- Personal awareness is understanding yourself.
- Personal integrity inspires you to become who others want to follow.
- Personal mastery is the discipline of personal growth and learning.
This webinar was orginally broadcast on July 21, 2021 / 10 am PT / 11 am MT /12 pm CT / 1 pm ET for one hour.
Dr. Rowlanda Cawthon, Dean and Associate Professor, Northwest University
Dr. Janice Doucet Thompson, Founder and Managing Principal, JD Thompson & Associates, LLC, Adjunct Faculty at the University of San Diego and the University of California, Davis
Dr. Cawthon served the Washington State Department of Corrections for over 11 years before transitioning to higher education. Her corrections experience includes serving as a classification counselor, community corrections officer, communications consultant, and correctional unit supervisor. Rowlanda is a passionate and innovative leader who capitalized on her leadership experience in corrections and doctoral education to drive change in her workplace. In her role as dean, she is leading a Ready to Work initiative that promises to unleash the leadership potential of undergraduate and graduate students in the workplace.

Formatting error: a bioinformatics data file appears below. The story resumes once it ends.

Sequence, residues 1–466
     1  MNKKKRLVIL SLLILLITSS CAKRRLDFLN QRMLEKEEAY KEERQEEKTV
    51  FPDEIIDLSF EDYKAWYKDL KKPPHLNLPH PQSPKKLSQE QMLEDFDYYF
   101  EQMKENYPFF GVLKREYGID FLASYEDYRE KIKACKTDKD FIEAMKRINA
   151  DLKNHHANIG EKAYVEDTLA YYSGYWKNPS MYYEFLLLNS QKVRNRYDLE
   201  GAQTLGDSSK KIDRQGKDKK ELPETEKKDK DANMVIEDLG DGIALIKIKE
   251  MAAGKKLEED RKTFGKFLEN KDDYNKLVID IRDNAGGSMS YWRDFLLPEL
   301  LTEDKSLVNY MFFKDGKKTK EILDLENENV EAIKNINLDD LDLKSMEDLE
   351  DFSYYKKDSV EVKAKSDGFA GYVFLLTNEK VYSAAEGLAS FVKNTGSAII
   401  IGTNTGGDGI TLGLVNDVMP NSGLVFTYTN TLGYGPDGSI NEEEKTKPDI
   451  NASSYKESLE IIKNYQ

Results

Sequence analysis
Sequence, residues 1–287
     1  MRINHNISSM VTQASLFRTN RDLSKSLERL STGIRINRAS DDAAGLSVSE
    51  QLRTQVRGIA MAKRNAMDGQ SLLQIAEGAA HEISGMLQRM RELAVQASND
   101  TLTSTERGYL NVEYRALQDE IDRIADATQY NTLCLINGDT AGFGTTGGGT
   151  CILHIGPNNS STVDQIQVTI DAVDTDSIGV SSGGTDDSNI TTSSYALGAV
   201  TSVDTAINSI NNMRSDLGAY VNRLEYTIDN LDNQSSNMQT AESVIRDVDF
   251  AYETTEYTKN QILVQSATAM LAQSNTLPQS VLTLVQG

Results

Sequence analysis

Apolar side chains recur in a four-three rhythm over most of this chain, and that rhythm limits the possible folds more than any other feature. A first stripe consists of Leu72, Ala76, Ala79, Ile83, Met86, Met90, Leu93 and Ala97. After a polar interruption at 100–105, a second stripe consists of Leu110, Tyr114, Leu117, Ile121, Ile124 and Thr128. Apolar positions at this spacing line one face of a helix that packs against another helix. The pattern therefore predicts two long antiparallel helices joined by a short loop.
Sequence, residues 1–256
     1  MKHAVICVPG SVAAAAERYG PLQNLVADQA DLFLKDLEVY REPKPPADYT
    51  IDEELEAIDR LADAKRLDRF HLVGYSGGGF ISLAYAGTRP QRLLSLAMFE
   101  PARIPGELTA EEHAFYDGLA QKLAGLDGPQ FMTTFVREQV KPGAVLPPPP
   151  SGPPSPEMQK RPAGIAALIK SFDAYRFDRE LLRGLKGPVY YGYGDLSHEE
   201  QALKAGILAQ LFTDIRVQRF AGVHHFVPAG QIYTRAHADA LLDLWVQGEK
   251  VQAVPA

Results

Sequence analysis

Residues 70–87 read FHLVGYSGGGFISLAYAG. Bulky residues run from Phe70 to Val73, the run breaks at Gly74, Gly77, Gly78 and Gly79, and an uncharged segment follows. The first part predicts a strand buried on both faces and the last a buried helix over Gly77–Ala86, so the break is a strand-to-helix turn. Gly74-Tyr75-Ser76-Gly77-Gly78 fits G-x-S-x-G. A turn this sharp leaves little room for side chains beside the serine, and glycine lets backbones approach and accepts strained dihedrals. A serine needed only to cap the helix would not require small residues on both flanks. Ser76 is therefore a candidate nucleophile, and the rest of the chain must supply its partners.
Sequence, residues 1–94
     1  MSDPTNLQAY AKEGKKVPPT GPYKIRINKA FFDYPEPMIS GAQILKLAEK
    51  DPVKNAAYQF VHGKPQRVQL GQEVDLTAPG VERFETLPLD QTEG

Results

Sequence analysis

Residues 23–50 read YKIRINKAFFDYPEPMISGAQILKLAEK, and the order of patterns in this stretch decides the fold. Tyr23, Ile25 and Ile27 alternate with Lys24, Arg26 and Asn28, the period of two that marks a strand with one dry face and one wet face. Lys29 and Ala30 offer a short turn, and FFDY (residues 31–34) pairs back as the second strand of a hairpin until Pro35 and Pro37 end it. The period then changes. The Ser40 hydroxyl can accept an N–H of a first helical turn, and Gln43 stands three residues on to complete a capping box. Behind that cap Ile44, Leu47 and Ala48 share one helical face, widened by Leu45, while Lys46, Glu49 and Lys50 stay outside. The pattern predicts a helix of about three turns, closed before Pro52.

Dr. Thompson has achieved results for people and organizations for more than 30 years. A highly experienced and skilled executive leadership coach, Janice leads her Sacramento-based organizational development consultancy with a focus on leadership coaching, succession planning and talent management, change management, and leadership development.
Janice is certified as a Marshall Goldsmith stakeholder-centered coach; a fellow at the Institute of Coaching, McClean (Affiliate of Harvard Medical School); and channel partner with the Ken Blanchard Companies.
Rowlanda and Janice earned their doctoral degrees together, co-instructed an international consulting experience for MBA students in Prague, Czech Republic, and are equally committed to developing transformational leaders in all professional sectors.